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Now is the Season of our Discontent

As the game went on, the Canadiens became more and more dispirited to post their first goalless game of the post-season.

NHL: Toronto Maple Leafs at Montreal Canadiens Eric Bolte-USA TODAY Sports

If on Monday night we watched the Montreal Canadiens get better and better like a fine wine, then last night we watched that wine slowly turn to vinegar.

In Game 3 the Habs slowly began to take over possession and expected goals throughout the game. As a matter of fact, it wouldn’t have been surprising to watch the Habs pull ahead, except that they ran out of time. Watching Monday made me want to paraphrase Shakespeare’s Richard III and say “My Kingdom for more time.”

Meanwhile, last night’s game couldn’t end soon enough. Looking at the expected goals for is the best way I can quantify just how boring and brutal this game was. This stat measures where shots come from and assigns their chances of going in based on league averages in those areas.

As per Natural Stat Trick, in the first two periods, at five-on-five, Montreal controlled only 20.5% and 47.0% of the expected goals for (xGF%), respectively. In the third period they had a big push, controlling 70.2% of the expected goals. But here’s where I’d like to break this down a bit. In the third they didn’t control the percentage because they were playing so much better; it was actually because the Leafs stopped pushing offensively.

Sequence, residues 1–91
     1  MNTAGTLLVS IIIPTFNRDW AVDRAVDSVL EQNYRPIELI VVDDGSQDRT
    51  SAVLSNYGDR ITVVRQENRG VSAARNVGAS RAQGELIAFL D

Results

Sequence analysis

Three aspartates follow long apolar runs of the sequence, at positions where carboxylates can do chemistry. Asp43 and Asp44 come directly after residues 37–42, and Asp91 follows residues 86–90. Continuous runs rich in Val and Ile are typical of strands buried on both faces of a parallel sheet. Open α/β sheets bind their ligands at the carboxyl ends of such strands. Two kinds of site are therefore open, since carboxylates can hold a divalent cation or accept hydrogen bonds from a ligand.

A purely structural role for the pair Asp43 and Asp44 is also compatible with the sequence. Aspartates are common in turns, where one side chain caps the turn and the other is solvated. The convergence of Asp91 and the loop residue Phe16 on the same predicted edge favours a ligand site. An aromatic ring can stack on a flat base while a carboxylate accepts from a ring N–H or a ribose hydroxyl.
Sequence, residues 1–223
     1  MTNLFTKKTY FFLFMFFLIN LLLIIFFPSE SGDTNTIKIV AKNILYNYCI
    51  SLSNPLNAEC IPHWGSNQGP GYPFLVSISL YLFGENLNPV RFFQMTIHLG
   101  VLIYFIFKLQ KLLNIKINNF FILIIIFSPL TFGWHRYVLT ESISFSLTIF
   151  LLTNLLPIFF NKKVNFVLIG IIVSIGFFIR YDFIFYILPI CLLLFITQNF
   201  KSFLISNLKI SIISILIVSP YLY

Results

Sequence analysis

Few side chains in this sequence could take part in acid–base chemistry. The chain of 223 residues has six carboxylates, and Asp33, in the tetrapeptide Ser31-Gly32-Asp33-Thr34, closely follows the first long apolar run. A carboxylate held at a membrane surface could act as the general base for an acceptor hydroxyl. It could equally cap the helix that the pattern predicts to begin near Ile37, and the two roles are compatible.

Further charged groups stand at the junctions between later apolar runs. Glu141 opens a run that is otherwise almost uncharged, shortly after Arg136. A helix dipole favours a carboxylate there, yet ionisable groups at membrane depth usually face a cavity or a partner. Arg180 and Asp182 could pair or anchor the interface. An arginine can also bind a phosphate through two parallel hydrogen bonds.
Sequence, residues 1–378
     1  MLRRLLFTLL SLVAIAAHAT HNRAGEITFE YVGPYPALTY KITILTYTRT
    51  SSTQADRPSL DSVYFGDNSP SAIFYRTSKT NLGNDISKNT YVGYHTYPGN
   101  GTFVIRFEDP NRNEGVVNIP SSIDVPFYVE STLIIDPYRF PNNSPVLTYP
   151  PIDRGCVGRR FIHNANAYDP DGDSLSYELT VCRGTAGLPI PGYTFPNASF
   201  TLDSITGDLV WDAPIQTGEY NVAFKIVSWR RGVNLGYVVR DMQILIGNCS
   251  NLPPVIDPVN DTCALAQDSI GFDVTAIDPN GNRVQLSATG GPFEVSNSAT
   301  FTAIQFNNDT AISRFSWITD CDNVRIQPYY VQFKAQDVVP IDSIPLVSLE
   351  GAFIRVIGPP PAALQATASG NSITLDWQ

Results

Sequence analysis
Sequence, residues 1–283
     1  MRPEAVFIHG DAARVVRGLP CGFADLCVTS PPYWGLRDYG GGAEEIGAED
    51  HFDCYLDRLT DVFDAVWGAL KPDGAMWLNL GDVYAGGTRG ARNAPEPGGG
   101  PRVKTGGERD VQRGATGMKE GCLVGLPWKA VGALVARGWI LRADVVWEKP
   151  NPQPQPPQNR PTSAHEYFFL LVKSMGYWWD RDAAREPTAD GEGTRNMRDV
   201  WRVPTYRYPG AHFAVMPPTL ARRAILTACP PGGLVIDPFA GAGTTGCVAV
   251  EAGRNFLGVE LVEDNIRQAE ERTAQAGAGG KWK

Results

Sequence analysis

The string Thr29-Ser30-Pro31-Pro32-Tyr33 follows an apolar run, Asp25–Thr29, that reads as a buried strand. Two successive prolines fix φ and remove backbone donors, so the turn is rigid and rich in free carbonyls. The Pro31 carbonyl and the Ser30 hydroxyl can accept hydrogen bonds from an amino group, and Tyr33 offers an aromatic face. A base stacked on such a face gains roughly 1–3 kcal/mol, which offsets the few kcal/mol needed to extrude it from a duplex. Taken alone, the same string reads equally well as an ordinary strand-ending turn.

At even strength the Maple Leafs had about one expected goal in each of the first two periods. In the third period the Leafs had 0.3. That’s why Montreal’s percentage went up. Not because they were playing so much better offensively, but because the Leafs weren’t. And why should they?

The worst part about all of this? The numbers get worse in all situations.

So what — or more specifically, who — was the bright spot here? Well, that would have to be Nick Suzuki. I know that one of the goals was basically laid at his feet (although personally I think it was the defence’s mistake). But overall he had a good night both offensively and defensively.

One prime example was when Montreal almost gave up a short-handed goal. With 2:26 left in the first, Jeff Petry bobbled a pass from Cole Caulfield that almost turned into a breakaway. But Suzuki back-checked and managed to knock Kerfoot’s stick enough to prevent the shot but not enough to take a penalty. The heroics weren’t over, as Suzuki, now guarding a two-on-one, stopped the backdoor pass with his skate.

Suzuki also had the third-highest expected-goals-for percentage on his team playing against the Leafs’ shutdown pair of Jake Muzzin and Justin Holl. Admittedly he was put out in a primarily offensive role taking few faceoffs in his own end, but the future still looks bright for this future star.